Official Selection: War, What is it Good For?

BY Robert BellPublished Jun 5, 2012

Unsurprisingly, the shorts comprising the War, What is it Good For collection tend towards glib and sanctimonious, shoving one-sided politics down our throat with an unbecoming and haughty disposition. Fortunately, there are a couple films in the bunch that transcend the solipsistic nature of the political allegory. But for the most part, this is just a wallop of idealism with a low-budget veneer.

Starting things out is the worst offender for making broad, arrogant statements: Goldilocks Nation. Psychotherapist June Lawton makes a hilariously glib comparison between "all" Americans and Goldilocks, suggesting that their spoiled disposition makes them feel entitled to theft and self-serving behaviour just like Goldilocks. She conveniently forgets that occasionally the worst offenders of such behaviour come from other nations, quick to employ the inherent human quality of selfishness when given the opportunity.

Fortunately, once that smug doctor is done rambling, Slovakian short The Last Bus uses an ersatz, live action Fantastic Mr. Fox aesthetic to highlight unflattering human, or animal, characteristics during wartime while a group of animals flee the forest during hunting season. The didactic isn't exactly subtle, but it is preferable to the hippie-dippy crap spewed in We'll Become Oil, wherein Romania hops on the animation soapbox about the environment.

Waking jumps away from the political, telling the story of a young woman that feels out of sorts after a dream leads her to believe that she might be happier without the man she's about to move in with. Poetic and dreamlike, it's only the stilted, dodgy dialogue that holds it back.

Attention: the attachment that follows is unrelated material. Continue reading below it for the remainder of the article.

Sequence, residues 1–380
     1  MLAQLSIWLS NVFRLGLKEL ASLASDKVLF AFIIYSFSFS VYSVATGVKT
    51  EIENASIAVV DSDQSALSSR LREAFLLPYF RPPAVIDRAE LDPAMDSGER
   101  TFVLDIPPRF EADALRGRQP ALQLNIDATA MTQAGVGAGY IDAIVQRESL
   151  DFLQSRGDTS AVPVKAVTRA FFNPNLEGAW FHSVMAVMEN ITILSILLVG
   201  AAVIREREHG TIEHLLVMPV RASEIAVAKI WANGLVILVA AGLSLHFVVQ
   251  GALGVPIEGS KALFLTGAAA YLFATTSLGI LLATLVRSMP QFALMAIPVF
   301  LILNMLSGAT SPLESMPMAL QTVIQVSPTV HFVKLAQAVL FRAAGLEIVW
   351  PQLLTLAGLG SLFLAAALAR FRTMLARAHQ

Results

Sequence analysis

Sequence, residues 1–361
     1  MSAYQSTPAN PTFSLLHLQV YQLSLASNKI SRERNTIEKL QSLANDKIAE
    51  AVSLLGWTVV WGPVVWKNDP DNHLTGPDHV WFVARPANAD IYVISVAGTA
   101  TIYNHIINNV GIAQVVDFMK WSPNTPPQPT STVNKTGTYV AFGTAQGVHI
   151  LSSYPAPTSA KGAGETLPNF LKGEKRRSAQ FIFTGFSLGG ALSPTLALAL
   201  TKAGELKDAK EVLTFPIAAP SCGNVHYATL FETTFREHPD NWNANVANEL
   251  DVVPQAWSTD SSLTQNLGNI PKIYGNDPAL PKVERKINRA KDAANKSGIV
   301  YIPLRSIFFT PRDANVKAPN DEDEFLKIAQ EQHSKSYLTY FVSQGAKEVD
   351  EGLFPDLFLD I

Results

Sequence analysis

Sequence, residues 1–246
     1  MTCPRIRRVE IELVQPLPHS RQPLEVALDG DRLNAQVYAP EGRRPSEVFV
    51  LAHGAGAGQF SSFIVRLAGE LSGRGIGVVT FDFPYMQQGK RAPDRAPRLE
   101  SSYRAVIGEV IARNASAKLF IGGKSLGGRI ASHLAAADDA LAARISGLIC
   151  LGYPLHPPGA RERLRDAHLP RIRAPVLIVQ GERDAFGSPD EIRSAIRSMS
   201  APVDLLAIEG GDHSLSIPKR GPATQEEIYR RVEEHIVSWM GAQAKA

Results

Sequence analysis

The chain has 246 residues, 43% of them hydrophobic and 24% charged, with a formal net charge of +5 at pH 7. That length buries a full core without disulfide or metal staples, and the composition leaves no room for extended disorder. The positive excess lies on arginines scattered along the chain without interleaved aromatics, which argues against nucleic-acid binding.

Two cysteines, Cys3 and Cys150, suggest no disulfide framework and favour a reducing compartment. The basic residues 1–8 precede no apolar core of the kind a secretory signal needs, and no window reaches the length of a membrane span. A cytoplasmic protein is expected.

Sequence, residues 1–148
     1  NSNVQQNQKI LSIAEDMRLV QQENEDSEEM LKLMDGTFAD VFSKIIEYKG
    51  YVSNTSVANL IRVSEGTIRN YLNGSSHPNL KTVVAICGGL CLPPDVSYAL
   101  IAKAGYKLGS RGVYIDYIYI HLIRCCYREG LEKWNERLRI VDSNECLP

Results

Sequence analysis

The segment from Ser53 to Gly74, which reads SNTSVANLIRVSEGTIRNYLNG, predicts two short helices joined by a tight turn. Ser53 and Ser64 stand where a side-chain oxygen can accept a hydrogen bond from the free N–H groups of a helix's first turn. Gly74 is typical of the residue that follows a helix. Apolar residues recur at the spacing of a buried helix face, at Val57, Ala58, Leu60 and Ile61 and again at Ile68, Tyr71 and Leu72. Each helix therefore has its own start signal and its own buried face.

More exact in its structure is Danish short Bellum, where a young couple enjoy a night of debauchery and accidental animal slaughter the night before shipping off to fight in the war. The implications may be a little too obvious to inspire much thought, but the actual style and structure of the film are quite impressive.

Nightingales in December is a brief animation about, well, nightingales in December refusing to migrate, which is a nice break before impressively shot dystopian future short Creature, where two cats emerge to explore the ruins of a world left decimated after an unnamed battle. Lovers of cats may not like how this one unfolds, however.

The standout short of this collection appropriately comes at the end, making the title, Last Christmas, disturbingly literal, as a young boy struggles to look after his Alzheimer's-afflicted Grandmother in a war-torn world where even a hint of light or noise will attract wild dogs to swoop in for the kill. Simultaneously heartbreaking and bleak, this eerie look at practical defeatism remains in the mind long after it leaves the screen.

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